• Name: Kathrine Vigdel
  • Location: Oslo, Norway
  • Occupation: Publishing editor

Tell us one way you are simplifying your life.

Clearing my afternoon and evening schedule. I aim to have at least three free nights on work weeks, and at least Saturday or Sunday absolutely free from morning to evening. Not that I won’t be spending those evenings and weekends doing lots of stuff, but freeing them up allows me to adjust according to my current energy level, it allows me to be flexible and it allows for those spontaneous happenings, say, meeting a friend who suddenly pops into town.

Or, if I am feeling tired and worn out, it allows me time for soul food: going for a walk, reading books, drawing, knitting, pottering around the house.

What’s the background story —what compelled you to make this change?

Up until recently, I was one of those people who multitasked her way through life—the typical 20-something who fed on the illusion that you can be and do everything, and that tiredness is a sign of a full life. I was majorly involved in church ministry and spent the majority of my free time in meetings, organized gatherings and events that felt more like chores on my list. I said yes when I should’ve said no—not to things I didn’t want to do, but to things I really wanted to do. I had a hard time prioritizing how I wanted to spend my life and ended up doing it all.


I wore my weariness like a badge. When people said I was smart, efficient, talented, trustworthy, nice, enduring and “there’s not a thing that girl can’t do,” I read their remarks as landmarks that pointed me in the direction my life should go. I hadn’t listened to my body or my inner voice my entire life, and I wasn’t about to start now.

Until a year ago, when I hit rock bottom. Such a cliché. I fell into a black hole of emptiness. That well-known feeling I’d carried on my back for so long I didn’t even know was there? Tiredness. Old tiredness. I’d made it part of my identity to always max out on my capacity, leaving no room to relax. I’d swallowed the lie that life is—and must be—stressful, hook, line and sinker.

I’ve spent the past year recovering, doing a serious soul-searching going back years. I quit the job that drained me and found a new and more fulfilling one. I said no to absolutely everything I’d been involved in before, and cleared my schedule completely. Now, at 29 going on 30, I am determined to make my last year in the 20s a starting ground for an entirely new way of living.

What were the obstacles?

There were two main obstacles:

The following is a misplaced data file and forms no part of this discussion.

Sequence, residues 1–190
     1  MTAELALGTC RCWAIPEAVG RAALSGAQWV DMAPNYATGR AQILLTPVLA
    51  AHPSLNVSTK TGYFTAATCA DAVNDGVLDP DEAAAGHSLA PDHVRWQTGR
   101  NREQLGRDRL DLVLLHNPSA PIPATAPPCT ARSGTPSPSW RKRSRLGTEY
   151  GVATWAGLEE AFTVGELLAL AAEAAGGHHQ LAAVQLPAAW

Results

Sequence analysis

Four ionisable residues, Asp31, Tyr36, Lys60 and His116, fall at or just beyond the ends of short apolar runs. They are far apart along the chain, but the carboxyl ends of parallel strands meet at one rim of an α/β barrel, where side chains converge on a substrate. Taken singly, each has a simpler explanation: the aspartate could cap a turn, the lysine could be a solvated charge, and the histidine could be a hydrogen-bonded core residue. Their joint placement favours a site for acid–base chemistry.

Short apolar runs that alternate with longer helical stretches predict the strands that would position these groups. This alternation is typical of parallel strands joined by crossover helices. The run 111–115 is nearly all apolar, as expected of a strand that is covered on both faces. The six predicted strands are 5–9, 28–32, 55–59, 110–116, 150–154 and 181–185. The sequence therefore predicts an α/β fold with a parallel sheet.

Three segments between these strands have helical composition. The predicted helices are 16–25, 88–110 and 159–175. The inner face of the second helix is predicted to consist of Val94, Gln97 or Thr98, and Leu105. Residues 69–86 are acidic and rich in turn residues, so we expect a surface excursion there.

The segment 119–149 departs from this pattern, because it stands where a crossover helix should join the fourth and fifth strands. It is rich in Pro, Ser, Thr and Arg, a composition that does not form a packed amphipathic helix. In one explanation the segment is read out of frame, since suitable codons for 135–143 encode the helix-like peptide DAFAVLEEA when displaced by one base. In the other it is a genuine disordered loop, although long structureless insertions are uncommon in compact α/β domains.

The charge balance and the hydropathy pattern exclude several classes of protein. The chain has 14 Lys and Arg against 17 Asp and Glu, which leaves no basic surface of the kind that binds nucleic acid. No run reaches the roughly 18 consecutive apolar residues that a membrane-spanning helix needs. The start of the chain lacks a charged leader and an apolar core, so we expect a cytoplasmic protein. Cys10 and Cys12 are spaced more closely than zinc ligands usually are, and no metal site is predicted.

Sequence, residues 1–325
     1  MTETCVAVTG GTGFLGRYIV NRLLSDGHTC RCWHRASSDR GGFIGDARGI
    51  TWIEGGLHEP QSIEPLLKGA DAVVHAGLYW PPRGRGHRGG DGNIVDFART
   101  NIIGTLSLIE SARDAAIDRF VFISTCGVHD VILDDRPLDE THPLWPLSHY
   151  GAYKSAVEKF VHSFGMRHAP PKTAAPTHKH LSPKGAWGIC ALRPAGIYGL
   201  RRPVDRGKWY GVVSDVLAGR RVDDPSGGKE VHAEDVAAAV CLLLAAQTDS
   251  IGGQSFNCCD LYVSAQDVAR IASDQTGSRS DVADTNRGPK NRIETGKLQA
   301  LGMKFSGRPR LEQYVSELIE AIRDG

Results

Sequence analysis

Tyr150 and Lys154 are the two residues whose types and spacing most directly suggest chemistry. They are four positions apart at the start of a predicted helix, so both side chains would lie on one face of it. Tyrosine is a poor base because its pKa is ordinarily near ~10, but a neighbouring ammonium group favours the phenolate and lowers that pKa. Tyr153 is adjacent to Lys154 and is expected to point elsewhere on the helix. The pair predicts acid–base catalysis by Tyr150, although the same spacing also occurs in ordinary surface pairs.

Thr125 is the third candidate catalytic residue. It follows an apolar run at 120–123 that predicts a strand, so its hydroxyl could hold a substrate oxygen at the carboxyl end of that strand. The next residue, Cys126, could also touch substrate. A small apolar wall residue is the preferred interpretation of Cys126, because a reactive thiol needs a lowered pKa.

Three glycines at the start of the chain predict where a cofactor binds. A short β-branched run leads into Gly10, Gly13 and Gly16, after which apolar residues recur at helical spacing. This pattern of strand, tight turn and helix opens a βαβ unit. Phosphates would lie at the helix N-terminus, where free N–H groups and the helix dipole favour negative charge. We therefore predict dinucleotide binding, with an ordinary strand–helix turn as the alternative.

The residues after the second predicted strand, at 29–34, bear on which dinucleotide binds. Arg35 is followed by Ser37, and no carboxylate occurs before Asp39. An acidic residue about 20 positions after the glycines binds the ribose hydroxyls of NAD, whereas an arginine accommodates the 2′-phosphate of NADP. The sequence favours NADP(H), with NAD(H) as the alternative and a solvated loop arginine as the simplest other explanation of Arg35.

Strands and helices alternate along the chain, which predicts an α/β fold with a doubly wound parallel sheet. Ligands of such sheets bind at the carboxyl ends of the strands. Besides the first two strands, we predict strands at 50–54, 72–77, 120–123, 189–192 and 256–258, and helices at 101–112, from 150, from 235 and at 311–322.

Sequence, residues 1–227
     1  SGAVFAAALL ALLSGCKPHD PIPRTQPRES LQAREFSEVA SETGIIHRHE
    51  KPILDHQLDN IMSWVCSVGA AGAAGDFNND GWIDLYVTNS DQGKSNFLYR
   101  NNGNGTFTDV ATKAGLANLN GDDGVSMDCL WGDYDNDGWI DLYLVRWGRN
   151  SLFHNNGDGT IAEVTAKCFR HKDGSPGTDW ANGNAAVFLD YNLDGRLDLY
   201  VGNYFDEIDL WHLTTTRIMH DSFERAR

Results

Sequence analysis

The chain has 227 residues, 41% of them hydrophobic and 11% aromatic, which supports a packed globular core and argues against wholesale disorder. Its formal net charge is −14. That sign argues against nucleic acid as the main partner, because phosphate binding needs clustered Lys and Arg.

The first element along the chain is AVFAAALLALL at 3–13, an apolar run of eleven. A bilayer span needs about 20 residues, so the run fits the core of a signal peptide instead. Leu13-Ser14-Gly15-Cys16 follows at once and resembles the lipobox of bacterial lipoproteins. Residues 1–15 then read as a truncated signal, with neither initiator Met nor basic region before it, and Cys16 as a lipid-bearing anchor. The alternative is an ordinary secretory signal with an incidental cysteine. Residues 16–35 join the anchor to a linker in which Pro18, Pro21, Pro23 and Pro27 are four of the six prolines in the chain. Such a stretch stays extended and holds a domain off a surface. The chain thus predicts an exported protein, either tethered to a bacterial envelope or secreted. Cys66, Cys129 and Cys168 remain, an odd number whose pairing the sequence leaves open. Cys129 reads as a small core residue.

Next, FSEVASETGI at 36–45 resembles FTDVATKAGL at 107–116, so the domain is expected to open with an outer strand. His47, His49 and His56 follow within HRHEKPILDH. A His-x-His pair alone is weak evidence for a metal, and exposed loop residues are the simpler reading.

1. People rely on me. What will they think? And
2. Where do I have my identity, really?

As I came to realize, both of these obstacles existed within the dry wasteland of my mind—the part where no flowers of contentedness or peace could blossom, because I never had time to water them. I spent a lot of time examining my motives both for living the life I did, and for wanting the life I didn’t yet have. It was more than just being tired and needing a break; I wasn’t being me.


I had to risk hurting other people's feelings, disappointing others—most of all myself—and be honest with myself regarding where I placed my value. Am I a human being or a human doing? Being brave enough to actually change the pace of my life was the biggest obstacle. But I did it.

How has this simplified your life? Or, how does it help you to live simply?

I live life more according to my actual energy level, I listen to my body more, and I’ve learned to be present at the moment. Before I hit rock bottom, I had a lot of stress-related health issues: daily headaches, muscle aches, I slept poorly, lack of appetite, I gained a little weight, I had stomach pains, there were lots of things I couldn’t eat (there still are), I got sick with the flu and stayed sick for weeks at a time.

Spending months just listening to my body and searching my soul (and adjusting accordingly) made the health problems more or less disappear. Because I’ve cleared my spare time, I find time to do the things I love: make art, read books, explore nature, catching up with long-lost friends, savour moments, breathe, learn a new craft.

I still have a full workday, but with an emptier afternoon and evening schedule, my life is in balance. It might be elementary for some, but it wasn’t for me.


What inspires you?

Nature is a huge source of inspiration. People who grow their own vegetables and drink afternoon tea. Any kind of botanical garden, preferably with a cute gift shop to wander in. Books where you savor the sentences as much as the actual story. All kinds of artists (as long as they’re not depressed and cut off each other's ears), book shops, Shauna Niequist, Ann Voskamp, Anne Lamott, Donald Miller. Knitting while listening to audiobooks by the above authors. My dog’s ability to be extremely happy, anytime.

Share a favorite quote, guiding motto, or perhaps your life’s purpose statement.

“Life is so urgent and necessitates living slow. It’s only the amateurs—and that I’ve been, and it’s been ugly—who thinks slow and urgent are contradictory.”- Ann Voskamp

Her book One Thousand Gifts was a real game-changer for me. I will always have ten thousand little things I want to accomplish, dreams to make a reality, things to learn, people to meet, and places to go, but I am slowly learning to do all those things at a completely different pace than before.

How do you celebrate everyday successes, no matter how small or large?

I punch my fist in the air, going “yesssss.” Or, whenever I’m stuck, I name ten good things that have happened or exist that day. It reminds me that me being here on earth, being me, is success in itself.